After viewing these people in grief pictures, you may get a better understanding of why individuals grieve the way they do. These photos will show a variety of emotions from anger and sadness to loneliness to despair.
It's best to know that grief takes on these many forms and that there is no time frame as to how long someone should be bereaved. Some individuals are known to grieve for weeks, while others take months or even years to come to terms with the death of their loved ones.
If you are newly bereaved, you may see yourself in one of these people in grief pictures. Remember, the process you are going through is completely natural.
It's OK to Cry
Sadness is one of the most common emotions to express when someone dies. You may cry at the mere mention of the person's name or even when you think of his or her memory.
Adults Losing Adults
When a mature man or woman loses a loved one, such as a parent or sibling, the grief is overwhelming. While you know the time will come when your parents will die, it is still a hard cross to bear when it happens.
A Cultural Bind
While death paints a different picture in various cultures, there is one common factor -- grief. In some societies, this sadness can only be shown behind closed doors, while others openly express their bereavement.
Grasping at Faith
Like many cultures, different religions have their own beliefs as to what happens to a person's soul after he or she dies. Eternal life and reincarnation are two of the many views expressed.
Anger is such a powerful emotion that it's no surprise that it is one of the people in grief pictures. Individuals who have lost loved ones are angry at themselves, the world, the person who died and even God.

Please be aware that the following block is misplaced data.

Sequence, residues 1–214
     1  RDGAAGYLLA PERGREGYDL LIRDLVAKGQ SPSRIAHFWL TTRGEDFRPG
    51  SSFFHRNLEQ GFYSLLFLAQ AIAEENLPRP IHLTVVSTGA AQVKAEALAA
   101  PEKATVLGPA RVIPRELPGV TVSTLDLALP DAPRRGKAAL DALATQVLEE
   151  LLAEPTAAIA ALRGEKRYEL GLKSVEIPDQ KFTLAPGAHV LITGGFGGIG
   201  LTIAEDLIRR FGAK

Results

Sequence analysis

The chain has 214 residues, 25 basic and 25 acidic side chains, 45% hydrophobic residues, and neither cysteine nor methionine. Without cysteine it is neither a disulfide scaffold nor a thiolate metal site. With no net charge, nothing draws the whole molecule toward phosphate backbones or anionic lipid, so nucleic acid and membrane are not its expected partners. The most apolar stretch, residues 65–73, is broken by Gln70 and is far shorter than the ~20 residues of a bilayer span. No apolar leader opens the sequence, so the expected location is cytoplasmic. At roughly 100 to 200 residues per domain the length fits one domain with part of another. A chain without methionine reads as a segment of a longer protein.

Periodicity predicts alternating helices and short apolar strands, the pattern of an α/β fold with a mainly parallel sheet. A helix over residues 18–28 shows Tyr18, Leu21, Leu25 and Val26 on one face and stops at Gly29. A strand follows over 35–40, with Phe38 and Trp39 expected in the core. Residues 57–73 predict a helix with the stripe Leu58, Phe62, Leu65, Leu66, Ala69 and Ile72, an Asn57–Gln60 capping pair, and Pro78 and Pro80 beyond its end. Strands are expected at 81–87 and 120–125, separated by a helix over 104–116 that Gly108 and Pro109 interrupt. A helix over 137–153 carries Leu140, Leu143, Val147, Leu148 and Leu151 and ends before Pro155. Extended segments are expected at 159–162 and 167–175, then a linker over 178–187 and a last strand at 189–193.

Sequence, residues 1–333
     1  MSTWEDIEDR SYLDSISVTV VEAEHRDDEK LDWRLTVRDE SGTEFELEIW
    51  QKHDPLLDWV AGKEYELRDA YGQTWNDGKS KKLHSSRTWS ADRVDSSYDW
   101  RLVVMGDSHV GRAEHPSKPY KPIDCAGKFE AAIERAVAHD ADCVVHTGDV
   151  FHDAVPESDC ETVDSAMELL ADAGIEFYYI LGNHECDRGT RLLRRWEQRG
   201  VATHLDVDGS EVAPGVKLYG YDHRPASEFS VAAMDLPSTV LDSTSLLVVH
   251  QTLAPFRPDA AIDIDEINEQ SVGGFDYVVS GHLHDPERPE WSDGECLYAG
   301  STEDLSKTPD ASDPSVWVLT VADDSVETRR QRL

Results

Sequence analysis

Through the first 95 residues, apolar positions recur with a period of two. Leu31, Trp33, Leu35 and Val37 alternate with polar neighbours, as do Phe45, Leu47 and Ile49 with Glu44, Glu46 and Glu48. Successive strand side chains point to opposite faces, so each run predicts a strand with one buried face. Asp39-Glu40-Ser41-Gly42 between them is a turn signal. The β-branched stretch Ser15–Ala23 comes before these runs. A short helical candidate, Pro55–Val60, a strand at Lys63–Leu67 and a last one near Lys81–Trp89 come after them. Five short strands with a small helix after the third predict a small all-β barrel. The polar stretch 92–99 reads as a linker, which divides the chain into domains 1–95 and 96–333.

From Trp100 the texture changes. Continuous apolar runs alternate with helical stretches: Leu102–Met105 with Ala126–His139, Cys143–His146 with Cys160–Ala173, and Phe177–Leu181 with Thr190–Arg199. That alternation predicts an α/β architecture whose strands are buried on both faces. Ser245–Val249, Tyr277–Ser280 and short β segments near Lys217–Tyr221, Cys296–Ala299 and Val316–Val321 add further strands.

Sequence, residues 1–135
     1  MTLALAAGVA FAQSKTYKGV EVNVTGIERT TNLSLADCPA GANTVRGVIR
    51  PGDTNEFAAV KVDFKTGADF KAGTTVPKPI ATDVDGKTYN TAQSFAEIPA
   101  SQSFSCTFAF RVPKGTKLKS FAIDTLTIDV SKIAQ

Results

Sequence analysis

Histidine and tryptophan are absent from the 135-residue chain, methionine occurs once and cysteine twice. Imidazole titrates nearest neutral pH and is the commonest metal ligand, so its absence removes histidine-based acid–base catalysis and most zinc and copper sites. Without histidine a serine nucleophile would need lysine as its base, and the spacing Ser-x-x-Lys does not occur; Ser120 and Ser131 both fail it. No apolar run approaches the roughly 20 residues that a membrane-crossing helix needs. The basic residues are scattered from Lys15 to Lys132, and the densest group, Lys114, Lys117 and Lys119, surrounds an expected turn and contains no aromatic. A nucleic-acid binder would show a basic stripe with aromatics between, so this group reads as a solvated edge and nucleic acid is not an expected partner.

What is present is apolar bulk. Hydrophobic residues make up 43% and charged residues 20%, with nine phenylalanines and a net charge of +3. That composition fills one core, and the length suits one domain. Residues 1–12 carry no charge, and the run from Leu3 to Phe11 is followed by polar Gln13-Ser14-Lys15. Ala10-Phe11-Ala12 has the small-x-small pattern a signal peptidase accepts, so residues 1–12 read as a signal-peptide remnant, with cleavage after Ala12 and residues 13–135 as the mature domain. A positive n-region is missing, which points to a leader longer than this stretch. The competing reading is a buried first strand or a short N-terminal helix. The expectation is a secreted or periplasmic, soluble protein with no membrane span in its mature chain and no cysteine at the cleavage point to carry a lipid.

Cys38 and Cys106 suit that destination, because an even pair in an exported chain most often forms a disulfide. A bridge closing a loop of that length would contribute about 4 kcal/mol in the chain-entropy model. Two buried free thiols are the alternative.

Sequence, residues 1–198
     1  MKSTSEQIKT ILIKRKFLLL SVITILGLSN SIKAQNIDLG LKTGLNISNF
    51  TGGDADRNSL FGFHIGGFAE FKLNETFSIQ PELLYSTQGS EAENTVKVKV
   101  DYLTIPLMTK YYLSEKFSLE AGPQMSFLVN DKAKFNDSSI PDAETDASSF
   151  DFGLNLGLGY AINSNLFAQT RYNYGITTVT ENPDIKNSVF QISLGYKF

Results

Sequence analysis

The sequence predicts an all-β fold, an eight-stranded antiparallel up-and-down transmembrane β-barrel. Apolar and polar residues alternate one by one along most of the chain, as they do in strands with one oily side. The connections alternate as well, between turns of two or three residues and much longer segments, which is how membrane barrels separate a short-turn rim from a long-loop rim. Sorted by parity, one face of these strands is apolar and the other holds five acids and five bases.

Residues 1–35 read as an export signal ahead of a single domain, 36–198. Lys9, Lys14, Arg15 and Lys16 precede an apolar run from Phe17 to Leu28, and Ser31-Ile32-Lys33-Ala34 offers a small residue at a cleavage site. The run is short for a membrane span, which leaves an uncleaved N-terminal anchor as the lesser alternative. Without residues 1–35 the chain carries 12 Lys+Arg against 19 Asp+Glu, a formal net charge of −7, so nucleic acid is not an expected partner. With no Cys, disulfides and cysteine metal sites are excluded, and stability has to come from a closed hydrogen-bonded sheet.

Children have many types of interpretations when it comes to death. If a close family member dies, it's best to be honest and explained what happened. Specific details may not be needed, but the child needs to know an overview of what happened to the loved one.
Letting Your Child Grieve
When a young child loses a parent, grandparent, friend or sibling, let him or her grieve the loss. Take the youngster to the cemetery, find a good book to read together, or, if necessary, speak to counselor.
A Silent Grief
It is said that a mother's grief is the worse kind of all. For generations, when a mother lost her baby, many times she was unable to speak of the tragedy. If an infant died at birth, she was not allowed to hold her baby to say good-bye. Today, support groups and bereavement counseling have allowed mothers (and fathers too) to grieve the child who died.
Everyone Experiences Grief
At at least one time in a person's life, he or she will experience some sort of grief from a loved one's passing. He or she will go through five stages of grief, many of which were depicted in these people in grief pictures:
Remember, the grieving process can take months or years to go through. Don't expect to be better overnight.